O Lord, the story of Charlotte’s Web has always made this arachnophobe want to run in fear, yet bawl when the spider dies. But OMG, You know that when my grandson played Farmer Arable, no way would I miss a minute!
It is with great reluctance that I write this week’s blog.
Why? Because I am a confirmed, card-carrying, scream-for-my-husband arachnophobe.
Then why write about them? I am following current wisdom, which declares we should face our fears head-on.
Hubby protests, “But you’re writing in the family room. The granddaddy longlegs are in the half bath.”
“Like I don’t know that?” I glare at him. “What do you think I am, an idiot?”
Don’t answer that.
He doesn’t, because he knows a rhetorical question when he hears one. Also, he wants to live to see his grandchildren grow up.
My husband refuses to acknowledge my carefully constructed rationale regarding arachnids. He does not comprehend their plan to take over the world. These “harmless,” “helpful” hypocrites, à la Shelob in The Lord of the Rings, aspire to drag the whole human race to their lairs and turn us into mummified entrées for future spider victory dinners.
Perhaps a little background will help you understand my viewpoint. As a five-year-old living in Mexico, I woke up one morning, nose-to-nose with a tarantula.
My screams shriveled. Before it could bite, I airmailed sheets, blankets, and the ginormous spider across the room.
While others (sleeping on the floor!) snored, I conducted my own heart-pounding, stomach-flipping, cold-sweat-pouring search for the tarantula.
Never found it.
Perhaps when I encounter other spiders, no matter how miniscule, I am always afraid I will find it. If I ever do — even if the tarantula’s an old geezer with eight knee replacements — I will show no mercy.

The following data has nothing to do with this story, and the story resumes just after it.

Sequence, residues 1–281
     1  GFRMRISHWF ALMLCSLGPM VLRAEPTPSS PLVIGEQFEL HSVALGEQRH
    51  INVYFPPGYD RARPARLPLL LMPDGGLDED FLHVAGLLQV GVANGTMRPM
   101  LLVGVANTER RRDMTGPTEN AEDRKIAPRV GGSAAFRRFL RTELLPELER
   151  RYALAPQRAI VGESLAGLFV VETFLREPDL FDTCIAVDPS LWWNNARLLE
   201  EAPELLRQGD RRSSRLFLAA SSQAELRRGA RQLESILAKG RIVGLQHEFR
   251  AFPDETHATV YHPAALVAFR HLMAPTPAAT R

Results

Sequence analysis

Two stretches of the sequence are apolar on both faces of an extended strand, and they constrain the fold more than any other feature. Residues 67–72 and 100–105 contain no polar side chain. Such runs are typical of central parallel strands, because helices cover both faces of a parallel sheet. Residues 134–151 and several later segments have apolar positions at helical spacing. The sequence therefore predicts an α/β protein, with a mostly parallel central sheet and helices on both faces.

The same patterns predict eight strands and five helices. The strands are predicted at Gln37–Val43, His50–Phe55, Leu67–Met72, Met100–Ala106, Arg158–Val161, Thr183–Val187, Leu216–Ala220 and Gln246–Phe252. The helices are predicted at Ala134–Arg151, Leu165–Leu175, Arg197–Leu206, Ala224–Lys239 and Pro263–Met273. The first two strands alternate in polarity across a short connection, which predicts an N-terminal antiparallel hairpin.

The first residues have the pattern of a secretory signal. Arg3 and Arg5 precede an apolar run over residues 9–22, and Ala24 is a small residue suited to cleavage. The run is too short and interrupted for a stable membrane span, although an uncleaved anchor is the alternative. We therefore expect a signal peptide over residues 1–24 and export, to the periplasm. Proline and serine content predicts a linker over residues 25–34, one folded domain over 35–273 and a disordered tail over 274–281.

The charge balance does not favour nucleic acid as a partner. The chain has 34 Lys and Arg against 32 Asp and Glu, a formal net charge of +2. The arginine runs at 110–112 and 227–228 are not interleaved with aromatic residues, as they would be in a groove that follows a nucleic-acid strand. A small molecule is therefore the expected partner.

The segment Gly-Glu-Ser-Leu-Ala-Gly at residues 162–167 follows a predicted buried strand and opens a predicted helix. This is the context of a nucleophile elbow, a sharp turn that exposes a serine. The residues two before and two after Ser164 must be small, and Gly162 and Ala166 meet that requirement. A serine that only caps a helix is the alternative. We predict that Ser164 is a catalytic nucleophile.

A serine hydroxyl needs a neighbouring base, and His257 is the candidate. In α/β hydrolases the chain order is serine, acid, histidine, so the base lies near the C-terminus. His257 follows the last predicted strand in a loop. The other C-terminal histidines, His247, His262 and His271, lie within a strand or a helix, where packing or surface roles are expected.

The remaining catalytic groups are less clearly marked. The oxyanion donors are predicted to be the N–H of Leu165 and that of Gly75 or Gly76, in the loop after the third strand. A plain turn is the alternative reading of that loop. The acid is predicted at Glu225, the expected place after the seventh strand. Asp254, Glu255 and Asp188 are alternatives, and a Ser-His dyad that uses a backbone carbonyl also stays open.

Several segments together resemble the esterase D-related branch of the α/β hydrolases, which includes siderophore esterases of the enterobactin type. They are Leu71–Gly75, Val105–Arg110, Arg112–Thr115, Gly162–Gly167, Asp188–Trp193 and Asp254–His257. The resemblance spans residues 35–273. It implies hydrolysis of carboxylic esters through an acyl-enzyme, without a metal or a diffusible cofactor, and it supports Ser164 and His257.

Sadly, some teachers like spiders. When mine introduced Charlotte’s Web, I wondered what I’d done to deserve this. Read 184 pages about a spider?
To my amazement, the author, E.B. White, almost humanized Charlotte.
Not quite. Not even a master storyteller could convince me she was pretty, as Wilbur the pig believed. Even budding feelings of motherly concern about Charlotte’s eggs failed to triumph over the gut-clutching realization that one spider reproduced hundreds of offspring.
Now an adult, I dread family reunions Charlotte’s descendants hold in our pop-up camper each summer.
At least, I’m not as far gone as my niece. She firmly believes Internet wisdom that hundreds of spiders crawl into our mouths and ears while we sleep.
Meanwhile, I bravely continue efforts to face my fears and have granted the granddaddy longlegs a temporary stay of execution. This is (deep breath) a huge step.
However, I’m still writing in the family room while the spiders occupy the half bath.
And, um … duct-taping my mouth and ears shut at night.
Your Extraordinary Ordinary: Are you an arachnophobe too? Or has Charlotte converted you?